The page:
With regard to Fanco’s allegations that Brazilian refill paper will re-enter the market at dumped prices to be able to compete with Indonesian imports, the Tribunal notes that it found that the dumping of refill paper from Indonesia had not caused, nor did it threaten to cause, material injury to the domestic industry as recently as 1996. [1] Moreover, the Tribunal is not persuaded that the mere fact that Indonesian refill paper continues to be sold in Canada is an indication that imports of the Brazilian product are likely to resume at dumped price levels, in absence of the order. Fanco also failed to provide relevant and sufficient information concerning Brazilian export activity in the US market or any other foreign market. Furthermore, there is no evidence to support Fanco’s claims, with respect to the US market, that these goods have been dumped or are being dumped.

Regarding the likelihood of material injury if the order were allowed to expire, Fanco submitted that it has already lost significant market share and suffers from reduced production levels and sales. The Tribunal notes that Fanco did not submit information on the volume and prices of Indonesian refill paper, the magnitude of competition it faces from this source and the magnitude of any effect Brazilian dumping is likely to have. The company also alleged that the Canadian market continues to be concentrated in increasingly narrow channels due to the demise of certain large purchasers of refill paper. These submissions by Fanco suggest to the Tribunal that the major difficulties the company is facing are related to the effects of competition from Indonesian imports of refill paper and to major structural changes occurring in distribution channels in the Canadian market.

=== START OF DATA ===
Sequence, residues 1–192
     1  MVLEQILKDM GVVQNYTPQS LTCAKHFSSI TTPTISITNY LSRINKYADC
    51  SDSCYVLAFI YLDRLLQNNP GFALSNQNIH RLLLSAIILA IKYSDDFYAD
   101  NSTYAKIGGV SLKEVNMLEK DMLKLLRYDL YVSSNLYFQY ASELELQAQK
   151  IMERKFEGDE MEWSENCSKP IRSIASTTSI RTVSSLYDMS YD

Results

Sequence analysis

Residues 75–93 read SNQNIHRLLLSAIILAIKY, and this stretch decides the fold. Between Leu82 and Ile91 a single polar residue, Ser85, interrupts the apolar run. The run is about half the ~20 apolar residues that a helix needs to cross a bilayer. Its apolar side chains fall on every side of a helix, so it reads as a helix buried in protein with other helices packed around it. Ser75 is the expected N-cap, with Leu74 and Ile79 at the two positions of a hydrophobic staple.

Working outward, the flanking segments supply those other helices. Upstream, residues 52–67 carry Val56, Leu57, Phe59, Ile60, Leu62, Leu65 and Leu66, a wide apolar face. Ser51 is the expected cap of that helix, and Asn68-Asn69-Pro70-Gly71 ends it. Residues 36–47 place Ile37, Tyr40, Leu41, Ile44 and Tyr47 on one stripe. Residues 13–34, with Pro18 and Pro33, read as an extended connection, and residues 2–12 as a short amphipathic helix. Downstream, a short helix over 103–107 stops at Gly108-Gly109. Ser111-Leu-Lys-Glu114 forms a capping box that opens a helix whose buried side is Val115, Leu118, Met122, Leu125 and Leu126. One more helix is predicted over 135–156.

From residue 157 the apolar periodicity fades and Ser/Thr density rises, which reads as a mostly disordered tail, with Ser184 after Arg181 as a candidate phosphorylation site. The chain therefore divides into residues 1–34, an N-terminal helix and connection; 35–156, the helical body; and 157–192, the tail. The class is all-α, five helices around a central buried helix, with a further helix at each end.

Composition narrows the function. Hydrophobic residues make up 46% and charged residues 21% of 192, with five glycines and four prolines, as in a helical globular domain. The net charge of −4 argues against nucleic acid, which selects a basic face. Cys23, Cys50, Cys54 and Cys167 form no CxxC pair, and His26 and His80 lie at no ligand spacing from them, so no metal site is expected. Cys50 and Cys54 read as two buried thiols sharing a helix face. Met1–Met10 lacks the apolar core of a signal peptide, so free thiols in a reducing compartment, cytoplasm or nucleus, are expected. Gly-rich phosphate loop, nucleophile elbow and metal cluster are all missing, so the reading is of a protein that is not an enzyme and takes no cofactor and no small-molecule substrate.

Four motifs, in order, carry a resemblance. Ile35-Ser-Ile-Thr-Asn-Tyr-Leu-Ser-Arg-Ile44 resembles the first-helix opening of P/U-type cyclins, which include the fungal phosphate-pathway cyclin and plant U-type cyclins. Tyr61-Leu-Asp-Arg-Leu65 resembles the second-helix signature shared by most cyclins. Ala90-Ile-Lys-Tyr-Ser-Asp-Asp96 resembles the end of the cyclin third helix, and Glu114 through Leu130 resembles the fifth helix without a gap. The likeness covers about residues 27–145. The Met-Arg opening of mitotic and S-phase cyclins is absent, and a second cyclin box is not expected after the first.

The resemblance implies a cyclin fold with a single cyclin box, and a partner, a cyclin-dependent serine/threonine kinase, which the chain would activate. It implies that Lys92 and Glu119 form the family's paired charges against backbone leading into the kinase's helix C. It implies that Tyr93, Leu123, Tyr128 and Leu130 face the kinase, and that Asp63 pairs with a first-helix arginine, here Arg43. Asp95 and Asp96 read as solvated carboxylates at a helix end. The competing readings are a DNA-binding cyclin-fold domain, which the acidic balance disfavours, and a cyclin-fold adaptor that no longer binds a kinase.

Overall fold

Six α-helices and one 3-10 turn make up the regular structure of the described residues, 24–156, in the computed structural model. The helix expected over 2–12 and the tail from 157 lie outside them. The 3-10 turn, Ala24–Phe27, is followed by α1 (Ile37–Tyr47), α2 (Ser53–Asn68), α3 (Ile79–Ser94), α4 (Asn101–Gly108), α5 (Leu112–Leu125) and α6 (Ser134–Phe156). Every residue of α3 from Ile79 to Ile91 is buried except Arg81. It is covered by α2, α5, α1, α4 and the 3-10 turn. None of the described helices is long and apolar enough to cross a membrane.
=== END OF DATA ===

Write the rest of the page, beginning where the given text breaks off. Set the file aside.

Finally, in the Tribunal’s view, Fanco did not support its claims regarding the likelihood of material injury, as it failed to provide sufficient information concerning recent trends in domestic production, sales, market share, prices and profits, as well as information on the availability of imports at dumped prices and their anticipated effects on the industry’s future performance as set out in the notice of expiry.

CONCLUSION

The Tribunal has decided, on the basis of the information before it, that a review of the order is not warranted.


1. Refill Paper, also Known as Filler Paper or Looseleaf Paper, Originating in or Exported from the Republic of Indonesia, and Notebooks with a Coiled or Spiral Binding, Originating in or Exported from the Republic of Indonesia and the Federative Republic of Brazil (27 September 1996), NQ-96-001 (CITT).


[Table of Contents]

Initial publication: November 16, 1999

Case Number(s)

LE-99-005

Attachment(s)

Status

Publication Date

Tuesday, November 16, 1999

Modification Date

Tuesday, January 20, 2004